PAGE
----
Duke's Crotty, UNC'S Engen Named ACC's Top Athletes

Aug. 5, 2010


GREENSBORO, N.C. – Duke’s Ned Crotty and North Carolina’s Whitney Engen, both national players of the year who helped their teams to NCAA championships, are the ACC’s Athletes of the Year for 2009-10.

Crotty, who led the country in points and assists for the Blue Devils’ lacrosse team, won the Anthony J. McKevlin Award as the league’s top male athlete and Engen claimed the women’s honor, the Mary Garber Award. The citations, determined by voting from the Atlantic Coast Sports Media Association, are named for respected journalists who chronicled the ACC from its inception.

Crotty, a senior from New Vernon, N.J., won the 2010 Tewaaraton Trophy as the nation’s top lacrosse player. He had five or more points in eight of the Devils’ 20 games and finished with 23 goals and 63 assists. In the process, he had a hand in nearly one-third of Duke’s goals in a 16-4 season, and he was the front man of the most prolific attack triumvirate in Duke history. All three starters finished with 70 or more points.

He scored twice and dished out six assists in the Devils’ first-round win over historically dominant Johns Hopkins, and he assisted Max Quinzani’s game-winning tally with 12 seconds left in the remarkable 14-13 semfinal win over Virginia. Duke won its first championship two days later with an overtime verdict over Notre Dame.

The following week, the Chicago Machine made Crotty the first overall pick of the Major League Lacrosse draft. And a few weeks after that, he scored the winning goal in the title game of the FIL World Lacrosse Championships as the United States defeated Canada 12-10 in Manchester, England.

Crotty edged Clemson football player C.J. Spiller for the McKevlin Award, which was first handed out in 1954. Spiller, a first-team All-American as a running back and kick returner, finished sixth in the 2009 Heisman Trophy balloting. That’s the best performance by an ACC player in that voting since Florida State’s Chris Weinke won the honor in 2000.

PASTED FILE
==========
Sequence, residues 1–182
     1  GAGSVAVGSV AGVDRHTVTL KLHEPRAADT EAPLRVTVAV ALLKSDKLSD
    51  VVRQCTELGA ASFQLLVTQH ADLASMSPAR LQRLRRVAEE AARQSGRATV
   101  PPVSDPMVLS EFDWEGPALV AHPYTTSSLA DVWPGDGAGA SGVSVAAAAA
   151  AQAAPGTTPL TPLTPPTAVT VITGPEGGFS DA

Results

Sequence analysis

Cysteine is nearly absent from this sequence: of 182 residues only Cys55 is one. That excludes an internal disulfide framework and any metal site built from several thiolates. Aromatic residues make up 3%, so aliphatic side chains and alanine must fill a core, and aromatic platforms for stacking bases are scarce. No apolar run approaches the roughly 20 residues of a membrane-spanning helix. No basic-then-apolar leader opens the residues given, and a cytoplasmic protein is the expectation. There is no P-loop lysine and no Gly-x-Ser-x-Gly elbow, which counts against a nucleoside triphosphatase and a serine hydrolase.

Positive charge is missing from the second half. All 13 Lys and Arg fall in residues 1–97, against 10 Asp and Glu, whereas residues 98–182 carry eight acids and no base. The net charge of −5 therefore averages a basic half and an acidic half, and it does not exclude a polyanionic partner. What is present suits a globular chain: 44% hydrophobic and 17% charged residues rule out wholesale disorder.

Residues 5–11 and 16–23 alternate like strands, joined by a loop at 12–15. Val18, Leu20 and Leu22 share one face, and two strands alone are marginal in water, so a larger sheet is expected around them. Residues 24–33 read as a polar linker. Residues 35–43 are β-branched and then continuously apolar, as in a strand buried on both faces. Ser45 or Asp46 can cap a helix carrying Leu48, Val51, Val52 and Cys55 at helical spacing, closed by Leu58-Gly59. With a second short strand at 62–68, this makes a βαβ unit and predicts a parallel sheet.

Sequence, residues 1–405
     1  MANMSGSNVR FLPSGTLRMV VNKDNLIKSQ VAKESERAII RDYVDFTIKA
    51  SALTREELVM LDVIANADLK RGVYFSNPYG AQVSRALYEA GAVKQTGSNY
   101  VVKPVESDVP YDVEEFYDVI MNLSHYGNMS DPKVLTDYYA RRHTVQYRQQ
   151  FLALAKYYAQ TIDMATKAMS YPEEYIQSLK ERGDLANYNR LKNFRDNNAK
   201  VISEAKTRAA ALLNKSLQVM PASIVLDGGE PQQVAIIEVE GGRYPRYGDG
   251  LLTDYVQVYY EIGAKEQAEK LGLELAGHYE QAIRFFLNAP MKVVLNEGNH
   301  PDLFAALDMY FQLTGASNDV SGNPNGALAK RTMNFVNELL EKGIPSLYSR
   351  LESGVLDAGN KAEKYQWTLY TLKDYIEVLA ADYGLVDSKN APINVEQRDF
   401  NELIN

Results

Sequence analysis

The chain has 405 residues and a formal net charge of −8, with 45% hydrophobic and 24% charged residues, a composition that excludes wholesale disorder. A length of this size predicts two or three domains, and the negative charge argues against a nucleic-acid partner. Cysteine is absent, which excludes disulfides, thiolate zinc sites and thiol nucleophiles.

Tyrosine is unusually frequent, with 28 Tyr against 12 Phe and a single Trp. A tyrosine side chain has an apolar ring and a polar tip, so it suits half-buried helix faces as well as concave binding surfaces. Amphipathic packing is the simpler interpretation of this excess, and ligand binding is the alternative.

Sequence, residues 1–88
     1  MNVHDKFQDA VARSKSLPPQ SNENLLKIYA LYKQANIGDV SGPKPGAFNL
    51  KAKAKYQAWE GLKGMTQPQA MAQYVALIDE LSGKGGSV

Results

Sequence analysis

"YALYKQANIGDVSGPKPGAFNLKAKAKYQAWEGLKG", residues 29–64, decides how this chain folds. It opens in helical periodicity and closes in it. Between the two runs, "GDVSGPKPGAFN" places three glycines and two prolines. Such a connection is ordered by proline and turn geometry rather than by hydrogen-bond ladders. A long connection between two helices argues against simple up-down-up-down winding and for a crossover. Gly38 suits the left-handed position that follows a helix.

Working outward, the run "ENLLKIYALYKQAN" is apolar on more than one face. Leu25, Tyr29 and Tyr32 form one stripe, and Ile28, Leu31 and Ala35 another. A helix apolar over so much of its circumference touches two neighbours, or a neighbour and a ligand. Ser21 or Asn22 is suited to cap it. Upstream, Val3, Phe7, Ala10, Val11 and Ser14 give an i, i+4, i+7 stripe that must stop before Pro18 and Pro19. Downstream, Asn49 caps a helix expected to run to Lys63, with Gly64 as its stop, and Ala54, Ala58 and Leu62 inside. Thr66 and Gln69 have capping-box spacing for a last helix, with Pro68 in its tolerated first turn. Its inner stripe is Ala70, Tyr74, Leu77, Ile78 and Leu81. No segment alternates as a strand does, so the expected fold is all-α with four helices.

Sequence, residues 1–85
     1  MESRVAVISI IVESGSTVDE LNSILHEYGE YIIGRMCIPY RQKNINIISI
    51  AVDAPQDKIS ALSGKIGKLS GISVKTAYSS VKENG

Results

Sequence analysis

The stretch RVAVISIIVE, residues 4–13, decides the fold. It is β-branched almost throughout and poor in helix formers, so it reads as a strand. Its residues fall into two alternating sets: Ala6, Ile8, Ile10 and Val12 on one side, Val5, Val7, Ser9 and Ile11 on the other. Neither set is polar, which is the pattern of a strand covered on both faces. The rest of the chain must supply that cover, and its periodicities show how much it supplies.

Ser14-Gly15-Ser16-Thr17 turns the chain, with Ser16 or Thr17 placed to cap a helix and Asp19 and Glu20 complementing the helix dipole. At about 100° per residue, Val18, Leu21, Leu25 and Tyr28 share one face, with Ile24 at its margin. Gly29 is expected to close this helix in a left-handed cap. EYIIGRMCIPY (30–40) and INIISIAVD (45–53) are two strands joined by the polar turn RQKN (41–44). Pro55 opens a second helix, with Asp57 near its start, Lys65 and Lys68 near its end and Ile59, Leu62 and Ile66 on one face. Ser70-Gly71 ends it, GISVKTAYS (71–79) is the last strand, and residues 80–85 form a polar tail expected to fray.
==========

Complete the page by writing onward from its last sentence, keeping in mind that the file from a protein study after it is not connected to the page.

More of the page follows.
In all, 12 Duke athletes have won 14 McKevlin Awards – the highest citation total of any school. North Carolina has claimed 13 trophies by 12 recipients.

Crotty is the second men’s lacrosse player to earn the McKevlin. Virginia’s Chris Rotelli (2003) is the other.

Engen, a senior from Rolling Hills Estates, Calif., is the 2009 winner of the Honda Award as the nation’s premier player. She was the leader of a Tar Heel defense that shut out 10 of its final 11 opponents and allowed only 12 goals in 27 games on the season. UNC (23-3-1) won the NCAA title for the 20th time in the tournament’s 28-year history.

While success from a Carolina soccer player is far from unique, Engen’s story is a bit different. She came to school as a forward and adapted without missing a beat to an entirely different role as the stopper back in 2008.

 The move was made in part because the Heels had plenty of firepower up front. Casey Noguiera, who won the Garber Award for the 2008-09 academic year, was named the outstanding offensive player of the NCAA tournament in the 2008 and ’09 events. Engen edged a highly competitive field to become the sixth Tar Heel soccer player to earn the ACC acclaim. The Heels lead the ACC with seven Garber Awards. Virginia Tech track star Queen Harrison, Maryland lacrosse player Caitlyn McFadden and Virginia basketball player Monica Wright were other prominent candidates.

Harrison became the first athlete in NCAA history to win national titles in the 100 meters and 400 meters in the same year; McFadden won the Tewaaraton Trophy and helped the Terrapins to the NCAA championship; and Wright was a consensus All-American for the Cavaliers.